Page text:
John Dewey : an inspirer of cultural rights?

Sharing my interest in an inspiring personality.
20 April 2021. Published by Benoît Labourdette.
Reading time: 2 min  

The notion of “cultural rights” is increasingly present in the debates within the cultural sector. They are seen by many as being at the heart of the issues and processes of change in the field of culture. But they are controversial, their very definition does not make consensus, nor their methods of implementation. In my opinion, cultural rights aim at highlighting and formalizing, in order to make them operational, the principles of a “cultural democracy”.

In my point of view, which is that of a practitioner/researcher in the cultural field, the cultural rights are above all a practice, an exercise of the democracy in the very methods of organization of the work, of the relation to the other and of the place of each one, in the choices of programming, in the methods of mediation and animation of workshops, in the modalities of territorial inscription of the cultural policy, etc.

Thought is put into practice, and practice makes us think. But it is very difficult to align one’s thinking and one’s practices. I find in the philosopher John Dewey very effective tools of “practical thinking”, which personally nourish my working methods. This is why I wanted to share a very short biography and a quote from John Dewey:

John Dewey (1859-1952) is an American pragmatist philosopher, who places experience as the central axis in the construction of thought and democracy. He had a great influence in the first half of the XXth century, in politics, psychology, philosophy and pedagogy (Célestin Freinet, for example, claimed to be inspired by Dewey’s thought). Then he was forgotten, considered too optimistic.

John Dewey’s ideas have come back to the forefront since the beginning of the 2000s. In my opinion, they are valuable tools to accompany the implementation of efficient systems of human cooperation: in his book The Public and its Problems (1927), he postulates that no political system can function if it is not capable of questioning itself in depth as it experiments. In his work Art as experience (1934), he argues that art is first and foremost a lived, shared experience, and not an external and superior object:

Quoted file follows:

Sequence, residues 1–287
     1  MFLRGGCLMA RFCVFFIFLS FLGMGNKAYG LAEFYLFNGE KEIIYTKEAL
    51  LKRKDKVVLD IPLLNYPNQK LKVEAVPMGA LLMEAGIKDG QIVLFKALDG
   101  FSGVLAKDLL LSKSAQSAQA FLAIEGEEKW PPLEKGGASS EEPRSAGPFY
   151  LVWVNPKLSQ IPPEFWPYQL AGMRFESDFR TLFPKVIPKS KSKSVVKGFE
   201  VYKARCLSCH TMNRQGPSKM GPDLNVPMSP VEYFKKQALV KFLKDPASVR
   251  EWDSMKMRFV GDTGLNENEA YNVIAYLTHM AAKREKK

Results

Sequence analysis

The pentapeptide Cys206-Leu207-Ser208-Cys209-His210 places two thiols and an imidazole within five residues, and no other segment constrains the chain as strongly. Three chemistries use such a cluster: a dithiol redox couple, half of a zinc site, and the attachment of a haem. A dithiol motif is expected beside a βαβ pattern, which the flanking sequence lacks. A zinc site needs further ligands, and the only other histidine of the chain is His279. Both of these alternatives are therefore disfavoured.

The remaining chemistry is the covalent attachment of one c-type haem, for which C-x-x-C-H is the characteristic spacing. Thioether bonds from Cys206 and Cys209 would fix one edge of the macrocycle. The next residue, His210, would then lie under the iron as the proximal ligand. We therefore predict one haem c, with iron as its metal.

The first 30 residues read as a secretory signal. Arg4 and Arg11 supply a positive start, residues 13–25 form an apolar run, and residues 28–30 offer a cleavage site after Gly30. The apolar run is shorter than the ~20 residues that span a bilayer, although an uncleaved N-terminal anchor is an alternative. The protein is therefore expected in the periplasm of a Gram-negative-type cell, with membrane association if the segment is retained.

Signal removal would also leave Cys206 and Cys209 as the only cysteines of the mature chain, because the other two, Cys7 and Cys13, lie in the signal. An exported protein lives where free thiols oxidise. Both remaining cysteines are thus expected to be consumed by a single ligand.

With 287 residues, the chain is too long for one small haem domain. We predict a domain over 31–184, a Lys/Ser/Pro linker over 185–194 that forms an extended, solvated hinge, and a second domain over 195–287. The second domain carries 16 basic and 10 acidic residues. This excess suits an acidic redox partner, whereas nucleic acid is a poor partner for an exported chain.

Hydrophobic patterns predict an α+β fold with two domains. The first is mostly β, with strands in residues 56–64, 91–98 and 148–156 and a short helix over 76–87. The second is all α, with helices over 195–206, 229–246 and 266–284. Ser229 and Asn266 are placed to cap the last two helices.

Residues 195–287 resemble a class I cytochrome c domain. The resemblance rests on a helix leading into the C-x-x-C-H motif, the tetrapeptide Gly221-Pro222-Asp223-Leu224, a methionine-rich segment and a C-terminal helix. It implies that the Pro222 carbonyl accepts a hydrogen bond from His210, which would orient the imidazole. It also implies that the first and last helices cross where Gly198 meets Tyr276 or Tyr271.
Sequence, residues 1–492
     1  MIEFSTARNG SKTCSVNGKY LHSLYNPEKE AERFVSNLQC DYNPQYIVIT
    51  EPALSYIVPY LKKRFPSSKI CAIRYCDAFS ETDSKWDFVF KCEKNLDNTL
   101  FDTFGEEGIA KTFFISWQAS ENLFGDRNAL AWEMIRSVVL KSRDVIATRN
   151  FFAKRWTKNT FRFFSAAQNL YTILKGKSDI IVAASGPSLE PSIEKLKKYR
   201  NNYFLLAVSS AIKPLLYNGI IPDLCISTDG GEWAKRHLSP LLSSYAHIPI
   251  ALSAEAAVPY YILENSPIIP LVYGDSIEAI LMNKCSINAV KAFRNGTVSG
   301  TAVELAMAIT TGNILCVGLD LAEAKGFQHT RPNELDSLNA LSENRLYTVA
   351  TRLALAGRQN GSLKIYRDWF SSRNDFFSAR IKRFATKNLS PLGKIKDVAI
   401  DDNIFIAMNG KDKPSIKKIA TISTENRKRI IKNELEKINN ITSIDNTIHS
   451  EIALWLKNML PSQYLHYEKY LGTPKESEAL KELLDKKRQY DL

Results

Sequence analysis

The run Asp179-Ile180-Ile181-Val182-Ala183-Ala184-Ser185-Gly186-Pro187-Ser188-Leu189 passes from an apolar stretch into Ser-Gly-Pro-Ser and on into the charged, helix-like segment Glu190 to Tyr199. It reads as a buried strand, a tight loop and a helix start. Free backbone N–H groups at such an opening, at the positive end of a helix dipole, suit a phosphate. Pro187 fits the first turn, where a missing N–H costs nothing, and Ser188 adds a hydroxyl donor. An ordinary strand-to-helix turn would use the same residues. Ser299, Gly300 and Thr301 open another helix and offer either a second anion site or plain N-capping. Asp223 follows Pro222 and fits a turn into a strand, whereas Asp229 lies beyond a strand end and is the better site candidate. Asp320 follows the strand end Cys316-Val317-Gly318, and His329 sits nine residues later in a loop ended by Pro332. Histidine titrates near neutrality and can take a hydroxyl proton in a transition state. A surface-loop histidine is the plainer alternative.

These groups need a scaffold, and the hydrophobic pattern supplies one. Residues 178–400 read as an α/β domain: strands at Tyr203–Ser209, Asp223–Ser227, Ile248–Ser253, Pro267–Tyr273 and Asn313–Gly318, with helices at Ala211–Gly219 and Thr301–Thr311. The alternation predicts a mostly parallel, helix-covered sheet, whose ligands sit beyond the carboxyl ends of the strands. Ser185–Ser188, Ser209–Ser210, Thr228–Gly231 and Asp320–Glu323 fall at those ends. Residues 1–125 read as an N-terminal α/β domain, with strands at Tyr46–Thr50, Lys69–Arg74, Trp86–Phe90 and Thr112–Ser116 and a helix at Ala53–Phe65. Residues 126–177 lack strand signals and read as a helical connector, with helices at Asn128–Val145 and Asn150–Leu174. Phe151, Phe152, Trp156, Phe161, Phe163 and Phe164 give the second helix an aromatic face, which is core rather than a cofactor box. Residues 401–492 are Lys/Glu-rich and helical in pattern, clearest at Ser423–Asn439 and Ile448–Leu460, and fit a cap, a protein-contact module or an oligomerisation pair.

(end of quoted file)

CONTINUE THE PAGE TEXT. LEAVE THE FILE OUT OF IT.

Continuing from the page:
One generally identifies the work of art with the building, the book, the painting or the statue whose existence is located in margin of the human experience. Since the true work of art is actually composed of the actions and effects of that product on experience, this identification does not promote understanding.

I find John Dewey inspiring because, in contrast to the quest for “good principles”, his approach supports the legitimacy of concrete and agile methods of experimentation, which seem to me the most adapted to actions, especially cultural ones, in our uncertain and constantly changing world, due to the upheavals linked to digital technology, ecological mutations, and others. This agility seems to me to be necessary so that culture can be one of the incarnate tools of a living democracy.

The “cultural rights”, which derive from the Universal Declaration of Human Rights, are a concept developed and defended by researchers, sociologists, philosophers, political leaders and actors of the cultural world. Present in a certain number of articles of law since 2001, the cultural rights aim at highlighting and formalizing, in order to be able to make them operative, the principles of a “cultural democracy”. To summarize it quickly, it is a question of each person being able to give value to his or her personal culture, in order to be able to exercise his or her citizenship: to express (...)